Note: Head to Movies.com for a an interesting article on Carano's role within the movie and in the action movie dynamic.

Friday, 13 January 2012

Review: Shame

Year: 2011 (2012 Release)
Director: Steve McQueen
Screenplay: Steve McQueen & Abi Morgan
Starring: Micheal Fassbender, Carey Mulligan

Synopsis is here:

Note: Slight spoilers are abound in this review. I don't speak of the plot explicitly, but what I do say does touch on areas of story more than I usually do. Well to me anyway.

I haven't read any reviews as of yet* but Shame has been making quite a stir with many critics. I'm quite surprised; as to me, the film, a character piece about sex addiction has more than a touch of the conventional about it. McQueen's film does well to show that sex addiction is just as wretched much like any other type of excessive behaviour. With this said, by doing this, the film sometimes feels like we've seen this been done before with the usual suspects. It's not hard to feel that one or two moments within the films final act could easily be found in a typical drug piece. However, McQueen's use of space and setting; along with Fassbender's scintillating performance makes help make this feature a captivating one.

McQueen's view of New York we see in this film is a isolating and smothering one. We never really release how suffocating it is until a critical scene involving Fassbender's Brandon running on a late night jog. It is the most invigorating moment of a film that relies on the stillness of it's camera. We see Brandon not only trying to break free from the situation within his apartment; involving his equally emotionally broken sister (a devilishly child-like and selfish display by Mulligan), but also trying to break out of his own damaged spiral. As he runs down the gridded system, it's almost like an old cartoon where the character moves and yet runs past the same repeated background forever.

Brendon is an deeply affected addict; locked in routine he cannot break free from. He is constantly restless (spy the red bull can often in his hand), and his sisters disruptive involvement in his life has only caused more problems. He feels shame not only for his addiction, but for whatever tragedy which both stuck him and his sister in New Jersey. The scenes between the two of them are drenched in anxiety. They do not interact like brother and sister, they can't console each other when the reach breaking point. The simple fact that they cannot find an emotional connection with each other has infected all their other attempts of finding a meaning full relationships in other areas of their lives. Both of them try and utilise sex as a way of starting something meaningful and can't seem to understand why its so destructive.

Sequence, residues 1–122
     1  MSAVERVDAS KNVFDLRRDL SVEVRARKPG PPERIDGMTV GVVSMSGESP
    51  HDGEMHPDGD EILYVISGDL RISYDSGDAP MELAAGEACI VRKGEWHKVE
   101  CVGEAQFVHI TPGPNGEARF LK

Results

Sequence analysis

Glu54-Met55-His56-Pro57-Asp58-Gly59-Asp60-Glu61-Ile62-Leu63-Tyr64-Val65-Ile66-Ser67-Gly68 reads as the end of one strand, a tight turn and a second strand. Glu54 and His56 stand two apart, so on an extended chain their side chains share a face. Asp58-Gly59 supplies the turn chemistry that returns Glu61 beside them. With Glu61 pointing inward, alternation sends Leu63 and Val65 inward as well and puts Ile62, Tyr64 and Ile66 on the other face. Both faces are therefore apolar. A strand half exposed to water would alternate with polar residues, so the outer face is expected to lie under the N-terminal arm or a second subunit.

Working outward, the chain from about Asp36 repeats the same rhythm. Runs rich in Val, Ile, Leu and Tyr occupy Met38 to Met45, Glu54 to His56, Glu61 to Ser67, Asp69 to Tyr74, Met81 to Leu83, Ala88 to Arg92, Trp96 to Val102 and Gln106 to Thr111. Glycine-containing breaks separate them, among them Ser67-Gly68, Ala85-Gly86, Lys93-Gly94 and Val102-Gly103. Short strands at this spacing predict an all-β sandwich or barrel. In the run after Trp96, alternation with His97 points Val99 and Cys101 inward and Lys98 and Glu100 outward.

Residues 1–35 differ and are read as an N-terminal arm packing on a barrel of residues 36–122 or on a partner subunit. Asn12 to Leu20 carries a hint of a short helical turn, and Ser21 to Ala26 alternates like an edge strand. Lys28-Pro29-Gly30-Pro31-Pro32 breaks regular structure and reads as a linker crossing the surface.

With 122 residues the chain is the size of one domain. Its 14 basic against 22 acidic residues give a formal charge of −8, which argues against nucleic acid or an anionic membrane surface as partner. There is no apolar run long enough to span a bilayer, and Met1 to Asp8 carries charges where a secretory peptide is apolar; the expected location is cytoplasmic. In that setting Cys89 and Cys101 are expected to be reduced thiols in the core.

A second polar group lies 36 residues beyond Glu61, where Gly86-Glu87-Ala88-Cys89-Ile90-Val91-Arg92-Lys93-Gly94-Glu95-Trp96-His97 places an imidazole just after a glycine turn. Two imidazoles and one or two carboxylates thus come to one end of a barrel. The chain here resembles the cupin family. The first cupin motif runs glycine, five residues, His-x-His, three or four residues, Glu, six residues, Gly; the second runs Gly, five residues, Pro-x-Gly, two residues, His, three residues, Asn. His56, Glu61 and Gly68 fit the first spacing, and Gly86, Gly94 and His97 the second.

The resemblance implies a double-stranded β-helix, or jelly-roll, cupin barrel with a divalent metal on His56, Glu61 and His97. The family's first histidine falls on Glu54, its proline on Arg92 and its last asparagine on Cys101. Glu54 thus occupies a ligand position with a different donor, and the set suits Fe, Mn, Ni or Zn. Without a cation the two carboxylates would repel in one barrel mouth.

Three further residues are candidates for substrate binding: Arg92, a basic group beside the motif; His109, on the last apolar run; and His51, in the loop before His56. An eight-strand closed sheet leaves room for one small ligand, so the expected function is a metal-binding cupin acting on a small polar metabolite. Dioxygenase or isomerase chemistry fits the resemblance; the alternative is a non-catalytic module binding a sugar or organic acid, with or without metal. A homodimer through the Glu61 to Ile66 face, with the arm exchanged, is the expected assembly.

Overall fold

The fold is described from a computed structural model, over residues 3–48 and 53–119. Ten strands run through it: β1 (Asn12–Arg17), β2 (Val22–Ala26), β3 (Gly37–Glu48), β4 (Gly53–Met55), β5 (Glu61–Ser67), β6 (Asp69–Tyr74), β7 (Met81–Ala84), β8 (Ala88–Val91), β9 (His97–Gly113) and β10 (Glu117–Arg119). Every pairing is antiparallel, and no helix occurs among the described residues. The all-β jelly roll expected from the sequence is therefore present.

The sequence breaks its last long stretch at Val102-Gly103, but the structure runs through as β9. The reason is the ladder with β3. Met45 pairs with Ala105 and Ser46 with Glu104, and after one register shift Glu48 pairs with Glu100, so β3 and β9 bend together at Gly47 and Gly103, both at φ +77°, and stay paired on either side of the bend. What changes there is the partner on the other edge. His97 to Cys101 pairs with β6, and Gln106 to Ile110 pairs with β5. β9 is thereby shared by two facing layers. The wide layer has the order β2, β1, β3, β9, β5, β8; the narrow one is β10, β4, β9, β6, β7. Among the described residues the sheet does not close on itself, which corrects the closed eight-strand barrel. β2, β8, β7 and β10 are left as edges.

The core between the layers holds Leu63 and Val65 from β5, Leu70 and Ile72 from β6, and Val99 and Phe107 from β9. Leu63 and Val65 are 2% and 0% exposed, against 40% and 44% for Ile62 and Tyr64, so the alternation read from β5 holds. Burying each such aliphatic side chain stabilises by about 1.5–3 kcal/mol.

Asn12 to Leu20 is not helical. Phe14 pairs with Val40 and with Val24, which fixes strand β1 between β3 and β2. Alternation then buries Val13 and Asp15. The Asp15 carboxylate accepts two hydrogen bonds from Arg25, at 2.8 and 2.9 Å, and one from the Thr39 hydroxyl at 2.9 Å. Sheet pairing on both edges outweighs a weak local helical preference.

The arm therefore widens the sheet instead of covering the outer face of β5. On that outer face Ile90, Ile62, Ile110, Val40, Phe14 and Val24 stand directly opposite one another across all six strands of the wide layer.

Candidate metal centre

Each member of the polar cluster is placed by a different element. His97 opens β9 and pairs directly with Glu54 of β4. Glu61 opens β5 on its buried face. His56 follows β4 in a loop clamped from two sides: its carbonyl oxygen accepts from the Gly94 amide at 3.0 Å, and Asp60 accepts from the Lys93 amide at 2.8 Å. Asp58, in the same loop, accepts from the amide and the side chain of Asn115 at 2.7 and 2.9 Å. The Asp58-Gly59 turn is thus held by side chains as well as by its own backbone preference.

Brandon is absorbed with sex; and his excess has reached such a peak, that it doesn't even seem to be about "getting off" or "conquests". We don't know what his job is, but does it matter? It's not as if he concentrates on it, distracted in meetings, often late with reasonable excuses, we're as adrift in the haze as much as him. We watch him on a train in a scene involving a young (married) girl which switches from playful to predatory in a moments glance. We sense the tone in uncomfortable close ups; not only in this scene but so many others. The camera lingers disturbingly when we would like it to cut away. The sex although clearly constructed at times is never romantic or erotic. It feels like a weight that needs to be shifted. The endorphins released after the act clearly do little to lift the cloud. Fassbender carries this metaphorical bulk effectively in nearly every scene. His body language subtly awkward, conflicting thoughts flutter in each glance. Mulligan's outward display neatly counterbalances this. This is the best I've seen from her. Her childish manner is attention seeking but with good reason. He rages at her because his covers blown. "you trap me in a corner" he exclaims. What he hate is the fact that he's exposed. She doesn't understand but often reacts just as sharply. The chemistry between the two is a foil that works remarkably well within the film
Where Shame slips it's in certain moments within it's final third. In what should be a pivotal scene is seemingly shoehorned into proceedings, almost to give the film somewhere to go. It shows the film at it's most conventional but also highlights a slight imbalance between the characters we've been watching. While the hints to something deeper lie in between the lines of Shame, there's an act given to us that feels that one more piece of the puzzle may not have hurt.

However, this is part of the "fun" of Shame. I need to watch again because I fear I've missed something. The final moments are a recall of the train scene. It's a tease. We witness the girl again in similar circumstances, but something's different. The positions have been altered slightly. Her posture has not only changed, but challenges us in so many ways. We look at her reactions compared to before. The final moments focus on Fassbender's Brandon's face which is equally as provocative. I hope the cartoon went to a different setting.

*Since writing this I have read Ashley Clarke's exceptional piece on Shame, which is here

Friday, 6 January 2012

End of 2011 Videocast - Part 1

As some may know, I do a audio podcast named Cinematic Dramatic, which can be found on Geek Planet Online and Itunes. This year myself and co-host Iain Boulton have decided to bring out a Videocast of what we liked and disliked of the last year. This is Part One, which is of our individual picks from our respective top tens. Part two will feature the picks that appear on both of our lists.  Forgive our faces, they are clearly much more acceptable on an audio podcast.